There are many wildflowers to choose from and many wildflower companies create mixes
for various purposes. Some of the most popular perennials include Echinacea (coneflowers),
Rudbeckia (Black-eyed Susan), Asclepias (milkweeds), coreopsis, and gaillardia. For
some good annuals to throw in the mix consider larkspur, bachelor buttons and Shirley
poppies. Wildflower gardens are becoming an increasingly popular landscape alternative.
Be patient when planting a wildflower garden.
You won't have a picture-perfect garden in one year. It usually takes about three
years for the garden to mature and come into its own. But with proper plant selection,
you can have blooming flowers even in year one. With proper planning, a small packet
of seeds can turn into a beautiful, natural garden. But do remember, one person's
wildflowers, may be another person’s weeds.
The University of Arkansas System Division of Agriculture is an equal opportunity/equal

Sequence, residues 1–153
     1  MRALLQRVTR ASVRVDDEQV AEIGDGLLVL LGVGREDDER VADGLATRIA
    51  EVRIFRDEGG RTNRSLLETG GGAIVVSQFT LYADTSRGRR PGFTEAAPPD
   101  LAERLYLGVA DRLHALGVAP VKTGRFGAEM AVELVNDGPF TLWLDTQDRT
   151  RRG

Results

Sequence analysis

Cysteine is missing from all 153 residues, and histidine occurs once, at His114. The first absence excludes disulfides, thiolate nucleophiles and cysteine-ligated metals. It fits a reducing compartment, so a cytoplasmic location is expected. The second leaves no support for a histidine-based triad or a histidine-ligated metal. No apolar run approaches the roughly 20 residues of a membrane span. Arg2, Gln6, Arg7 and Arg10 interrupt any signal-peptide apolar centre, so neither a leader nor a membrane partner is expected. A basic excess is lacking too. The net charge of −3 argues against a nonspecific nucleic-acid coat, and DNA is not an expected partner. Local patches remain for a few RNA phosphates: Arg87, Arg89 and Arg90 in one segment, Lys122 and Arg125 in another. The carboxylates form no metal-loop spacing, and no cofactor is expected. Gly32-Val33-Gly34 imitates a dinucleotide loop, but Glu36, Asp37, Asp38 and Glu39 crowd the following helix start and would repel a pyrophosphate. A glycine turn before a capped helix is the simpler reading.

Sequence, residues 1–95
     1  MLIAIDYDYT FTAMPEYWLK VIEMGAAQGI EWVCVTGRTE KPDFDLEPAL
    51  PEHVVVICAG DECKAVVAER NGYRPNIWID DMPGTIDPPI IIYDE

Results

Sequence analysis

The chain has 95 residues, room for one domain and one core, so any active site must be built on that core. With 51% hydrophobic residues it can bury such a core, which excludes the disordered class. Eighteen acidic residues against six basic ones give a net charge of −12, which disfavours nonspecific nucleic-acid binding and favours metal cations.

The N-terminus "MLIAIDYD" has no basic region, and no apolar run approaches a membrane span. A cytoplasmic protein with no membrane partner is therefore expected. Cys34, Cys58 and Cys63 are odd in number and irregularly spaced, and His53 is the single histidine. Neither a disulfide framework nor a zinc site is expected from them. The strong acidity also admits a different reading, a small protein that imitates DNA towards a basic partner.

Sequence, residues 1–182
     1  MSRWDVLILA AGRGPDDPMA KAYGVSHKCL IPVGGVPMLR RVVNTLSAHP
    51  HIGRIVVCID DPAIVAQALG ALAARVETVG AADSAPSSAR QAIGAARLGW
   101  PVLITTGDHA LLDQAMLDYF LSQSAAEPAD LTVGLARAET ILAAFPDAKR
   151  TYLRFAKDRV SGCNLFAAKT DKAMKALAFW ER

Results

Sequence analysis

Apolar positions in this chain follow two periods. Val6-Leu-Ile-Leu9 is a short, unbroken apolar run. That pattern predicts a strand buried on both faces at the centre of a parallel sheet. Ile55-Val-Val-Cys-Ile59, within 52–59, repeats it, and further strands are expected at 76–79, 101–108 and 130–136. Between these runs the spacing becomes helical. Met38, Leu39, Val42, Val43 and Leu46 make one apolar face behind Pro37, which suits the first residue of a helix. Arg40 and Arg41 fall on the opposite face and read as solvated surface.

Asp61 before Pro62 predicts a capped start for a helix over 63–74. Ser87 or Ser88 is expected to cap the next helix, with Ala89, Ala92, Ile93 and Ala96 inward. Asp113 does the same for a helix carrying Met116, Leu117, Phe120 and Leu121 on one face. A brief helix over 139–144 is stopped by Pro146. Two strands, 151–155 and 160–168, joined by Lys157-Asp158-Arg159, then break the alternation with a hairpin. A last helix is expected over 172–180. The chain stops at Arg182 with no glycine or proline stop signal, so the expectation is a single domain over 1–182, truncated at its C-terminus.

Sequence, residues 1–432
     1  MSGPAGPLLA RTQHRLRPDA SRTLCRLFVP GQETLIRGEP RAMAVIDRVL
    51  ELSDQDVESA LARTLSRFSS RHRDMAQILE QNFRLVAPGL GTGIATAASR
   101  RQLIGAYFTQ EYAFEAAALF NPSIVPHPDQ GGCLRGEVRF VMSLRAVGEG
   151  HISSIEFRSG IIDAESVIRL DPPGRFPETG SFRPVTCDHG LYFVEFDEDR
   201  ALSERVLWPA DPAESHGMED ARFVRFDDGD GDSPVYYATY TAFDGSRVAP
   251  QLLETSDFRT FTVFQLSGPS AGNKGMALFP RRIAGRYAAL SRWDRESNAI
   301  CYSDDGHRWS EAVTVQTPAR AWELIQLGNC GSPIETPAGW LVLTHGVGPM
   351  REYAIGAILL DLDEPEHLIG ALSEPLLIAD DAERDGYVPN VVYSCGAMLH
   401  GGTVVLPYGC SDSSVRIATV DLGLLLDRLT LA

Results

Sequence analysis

access/affirmative action institution. For more information you can contact your local
county extension service, you can also follow Sherri Sanders on Facebook @UADA.WhiteCountyAgriculture
By Sherri Sanders County Extension Agent - AgricultureThe Cooperative Extension ServiceU of A System Division of Agriculture
Media Contact: Sherri Sanders County Extension Agent - AgricultureU of A Division of AgricultureCooperative Extension Service2400 Old Searcy Landing Road Searcy AR 72143 (501) 268-5394 firstname.lastname@example.org
The Arkansas Cooperative Extension Service is an equal opportunity/equal access/affirmative
action institution. If you require a reasonable accommodation to participate or need
materials in another format, please contact your County Extension office (or other
appropriate office) as soon as possible. Dial 711 for Arkansas Relay. The Arkansas Cooperative Extension Service offers its programs to all eligible persons
regardless of race, color, sex, gender identity, sexual orientation, national origin,
religion, age, disability, marital or veteran status, genetic information, or any
other legally protected status, and is an Affirmative Action/Equal Opportunity Employer.